3 edition of Railroad labor disputes found in the catalog.
Railroad labor disputes
Gerald G. Eggert
Bibliography: p. 285-295.
|Statement||[by] Gerald G. Eggert.|
|LC Classifications||HD5325.R1 E34|
|The Physical Object|
|Pagination||viii, 313 p.|
|Number of Pages||313|
|LC Control Number||67011984|
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Railroad Labor Disputes describes the federal government's methods of dealing with railroad labor problems in the last quarter of the nineteenth century and shows how the beginnings of federal strike policy evolved.
To explain the bias of government officials against the working man and for railroad management, Gerald Eggert examines the backgrounds, interests, and ambitions of the shapers of Cited by: Time Magazine July 26 The Great Featherbedding Fight (Railroad Labor Dispute) [Time Magazine] on *FREE* shipping on qualifying offers.
Time Magazine July 26 The Great Featherbedding Fight (Railroad Labor Dispute)Author: Time Magazine. Additional Physical Format: Online version: Eggert, Gerald G. Railroad labor disputes. Ann Arbor, University of Michigan Press  (OCoLC) After the War, railroad labor tried and failed to obtain a contin-uance of government operation and control.
Then came the Trans-portation Act ofwhich created the Railroad Labor Board, a tripartite agency empowered to resolve not only unsettled disputes between organizations and carriers over the terms of new agree-File Size: 1MB.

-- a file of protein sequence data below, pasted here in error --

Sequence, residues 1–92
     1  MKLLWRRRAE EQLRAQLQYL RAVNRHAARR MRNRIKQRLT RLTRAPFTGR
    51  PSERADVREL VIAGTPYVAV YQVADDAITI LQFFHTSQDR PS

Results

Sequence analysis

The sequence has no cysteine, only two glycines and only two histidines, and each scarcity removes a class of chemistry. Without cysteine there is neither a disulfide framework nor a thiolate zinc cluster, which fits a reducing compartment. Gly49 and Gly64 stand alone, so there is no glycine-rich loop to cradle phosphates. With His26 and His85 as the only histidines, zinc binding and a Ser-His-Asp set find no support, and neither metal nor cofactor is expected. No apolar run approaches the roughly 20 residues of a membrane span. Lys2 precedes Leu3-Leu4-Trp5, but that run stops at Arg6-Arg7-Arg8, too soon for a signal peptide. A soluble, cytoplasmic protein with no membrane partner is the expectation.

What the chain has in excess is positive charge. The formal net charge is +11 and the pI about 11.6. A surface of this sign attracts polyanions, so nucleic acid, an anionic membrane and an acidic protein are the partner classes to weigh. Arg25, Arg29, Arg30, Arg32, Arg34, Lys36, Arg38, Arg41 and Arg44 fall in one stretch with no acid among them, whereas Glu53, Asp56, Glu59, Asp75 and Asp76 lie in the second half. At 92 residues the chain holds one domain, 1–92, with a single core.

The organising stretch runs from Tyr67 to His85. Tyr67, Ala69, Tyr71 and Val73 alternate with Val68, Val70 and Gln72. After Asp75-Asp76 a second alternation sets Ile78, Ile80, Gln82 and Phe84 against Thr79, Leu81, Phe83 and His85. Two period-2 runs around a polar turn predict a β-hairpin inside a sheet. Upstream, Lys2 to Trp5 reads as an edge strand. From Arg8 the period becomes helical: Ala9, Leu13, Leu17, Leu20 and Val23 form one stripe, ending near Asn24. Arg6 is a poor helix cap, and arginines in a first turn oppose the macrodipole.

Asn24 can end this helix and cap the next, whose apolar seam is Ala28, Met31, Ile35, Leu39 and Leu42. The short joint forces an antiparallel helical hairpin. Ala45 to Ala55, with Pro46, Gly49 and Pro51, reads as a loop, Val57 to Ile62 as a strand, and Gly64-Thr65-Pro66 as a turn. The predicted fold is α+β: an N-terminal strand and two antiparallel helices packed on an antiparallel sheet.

In fact, some disputes in the past have been settled as quickly as any dispute governed by the National Labor Relations Act. The Railway Labor Act does, however, permit delays in settlement, and.
impartial, and without bias as relates to the parties in dispute. As required by the Railway Labor Act, persons serving as neutrals or referees for the NRAB’s four divisions are compensated by the Federal government through the NMB.
Presently, railroad arbitrators are paid $ per day for all railroad arbitration. The salaries andFile Size: 41KB. The Railroad Labor Board (RLB) was an institution established in the United States of America by the Transportation Act of This nine-member panel was designed as means of settling wage disputes between railway companies and their employees.
The Board's approval of wage reductions for railroad shopmen was instrumental in triggering the Great Railroad Strike of Formally signed by President Coolidge onthis new law was designated the Railway Labor Act of (RLA). The RLA was the first federal law guaranteeing the right of workers to organize and join unions and elect representatives without employer coercion or interference.
The labor dispute resulted in the deployment of 2, soldiers during the largest peacetime deployment of the Canadian Army for an internal conflict since the Northwest Rebellion of (United States) The Railway Labor Act passed.